• Miami County Fair — The barn doors closed on the Miami County Fair in mid-August, and despite weather issues, organizers had a sunny attitude on a soggy situation. While several events had to be cancelled due to the seemingly never-ending rain, residents from throughout the county grabbed their umbrellas and rain boots and headed out to support the 4-H kids and fair board. Chris Janson, Carter Winter and Jameson Rodgers brought a huge crowd to the stadium for the annual concert.
• Festival of Nations — Despite some rainy weather, people from around the area came to experience the cultural diversity offered at the 2016 Festival of Nations in August. Booths representing countries from all across the globe featured arts and crafts, music, and food central to the cultures represented. The festival’s featured country was France.
• Fort Rowdy — Covington’s annual Fort Rowdy Gathering on Labor Day weekend allowed local residents to take a step back in time and experience life from the pioneers’ perspective. The weekend included food booths, entertainment and a mountain man encampment accessible by crossing a wooden bridge constructed specifically for the festival. Merchants in period dress set tents up alongside camping tents, and people dressed in both pioneer garb and 21 century fashion mingled, traded, and bought goods.
• Mum Festival — Fall weather made an appearance just in time for the 58th annual Tipp City Mum Festival in September, and the good weather made for big crowds this year. The annual event includes a cruise-in, parade, food, entertainment, arts and crafts and more. This year’s festival theme was “Revving Up the Mums.”
• Piqua BikeFest 2016 — The sounds of motorcycles and music filled the air in mid-September as the third annual Piqua BikeFest took place in the downtown area and at Piqua Harley-Davidson. Despite the rainy weather, thousands of motorcycles and enthusiasts came out to attend the weekend-long event that featured vintage and custom bikes, live music, food, stunts and others demonstrations, vendors, and even a wedding. Proceeds from BikeFest are donated to local businesses and organizations.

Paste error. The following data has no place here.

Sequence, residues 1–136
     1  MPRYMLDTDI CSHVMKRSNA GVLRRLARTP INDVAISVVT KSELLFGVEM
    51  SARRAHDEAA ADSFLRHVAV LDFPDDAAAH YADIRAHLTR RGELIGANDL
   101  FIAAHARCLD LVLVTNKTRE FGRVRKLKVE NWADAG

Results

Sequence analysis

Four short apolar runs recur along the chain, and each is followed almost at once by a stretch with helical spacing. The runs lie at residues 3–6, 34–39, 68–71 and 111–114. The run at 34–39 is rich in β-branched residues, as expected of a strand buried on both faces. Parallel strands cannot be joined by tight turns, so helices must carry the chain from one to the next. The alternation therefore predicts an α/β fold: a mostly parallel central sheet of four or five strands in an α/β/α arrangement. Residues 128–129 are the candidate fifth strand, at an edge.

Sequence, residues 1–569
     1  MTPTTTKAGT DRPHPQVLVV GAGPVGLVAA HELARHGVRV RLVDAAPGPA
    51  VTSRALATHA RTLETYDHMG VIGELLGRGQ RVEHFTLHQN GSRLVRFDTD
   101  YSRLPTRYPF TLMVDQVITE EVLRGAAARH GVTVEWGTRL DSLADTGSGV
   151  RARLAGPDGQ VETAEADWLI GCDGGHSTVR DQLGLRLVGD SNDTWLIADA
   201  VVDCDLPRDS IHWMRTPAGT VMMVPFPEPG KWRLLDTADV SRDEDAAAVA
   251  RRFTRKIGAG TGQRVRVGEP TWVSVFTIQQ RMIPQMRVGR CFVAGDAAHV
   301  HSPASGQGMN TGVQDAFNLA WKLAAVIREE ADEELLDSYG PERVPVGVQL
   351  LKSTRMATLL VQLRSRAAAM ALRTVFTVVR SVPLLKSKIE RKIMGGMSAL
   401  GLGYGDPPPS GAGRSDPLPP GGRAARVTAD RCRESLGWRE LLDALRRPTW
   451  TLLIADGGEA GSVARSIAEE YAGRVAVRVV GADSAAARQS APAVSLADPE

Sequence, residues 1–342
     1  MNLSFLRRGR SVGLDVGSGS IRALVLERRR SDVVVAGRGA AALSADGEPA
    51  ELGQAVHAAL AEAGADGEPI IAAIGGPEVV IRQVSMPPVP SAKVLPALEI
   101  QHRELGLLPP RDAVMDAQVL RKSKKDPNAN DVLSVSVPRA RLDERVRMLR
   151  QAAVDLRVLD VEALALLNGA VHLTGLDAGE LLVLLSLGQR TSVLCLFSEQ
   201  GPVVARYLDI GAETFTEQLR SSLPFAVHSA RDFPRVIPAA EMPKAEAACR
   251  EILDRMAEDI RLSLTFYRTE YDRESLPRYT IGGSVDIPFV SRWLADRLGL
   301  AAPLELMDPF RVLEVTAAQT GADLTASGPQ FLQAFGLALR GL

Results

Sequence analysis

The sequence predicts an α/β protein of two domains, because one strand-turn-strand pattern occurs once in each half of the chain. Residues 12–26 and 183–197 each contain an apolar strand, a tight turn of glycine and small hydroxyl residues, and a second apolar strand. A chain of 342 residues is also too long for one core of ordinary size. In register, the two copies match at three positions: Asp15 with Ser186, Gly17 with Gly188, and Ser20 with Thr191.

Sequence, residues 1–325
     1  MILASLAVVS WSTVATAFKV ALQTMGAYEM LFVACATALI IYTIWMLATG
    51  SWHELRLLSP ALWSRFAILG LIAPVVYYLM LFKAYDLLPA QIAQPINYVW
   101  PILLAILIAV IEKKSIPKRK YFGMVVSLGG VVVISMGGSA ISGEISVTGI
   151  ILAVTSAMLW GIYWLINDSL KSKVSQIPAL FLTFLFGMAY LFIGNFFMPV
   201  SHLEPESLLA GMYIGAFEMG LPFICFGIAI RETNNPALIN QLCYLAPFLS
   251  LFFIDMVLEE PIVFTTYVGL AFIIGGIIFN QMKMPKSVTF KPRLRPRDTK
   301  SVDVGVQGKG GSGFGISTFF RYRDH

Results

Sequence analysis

• Pumpkin Show — Pumpkin was the reigning flavor for the month of October, when the Bradford Pumpkin Show came to town. The village streets are the backdrop for one of the most popular festivals in Miami County, which offers a midway featuring games, rides, crafts, concessions and merchandise. During this five-day event, visitors enjoyed several parades and indulged their taste buds with pumpkin ice cream, corn on the cob, and many other tasty treats.
• Miami County Park District’s Fall Farm Fest — Every year, among the tree-lined lanes and colorful foliage at Lost Creek Reserve, the Miami County Park District hosts its biggest event of the year, Fall Farm Fest. The historic Knoop Homestead at the Reserve was a hub of activity for the thousands who attended the two-day festival celebrating Miami County’s agricultural heritage. The annual event offers a 6-acre corn maze, corn cannon, live music, food, hayrides, a scarecrow contest, children’s activities, demonstrations, vendors, display booths, farm animals, kiddie tractor pulls, a pumpkin patch and more.
West Milton development announced
In November, the village of West Milton announced plans to develop a new housing and commercial development to be called Stillwater Crossing.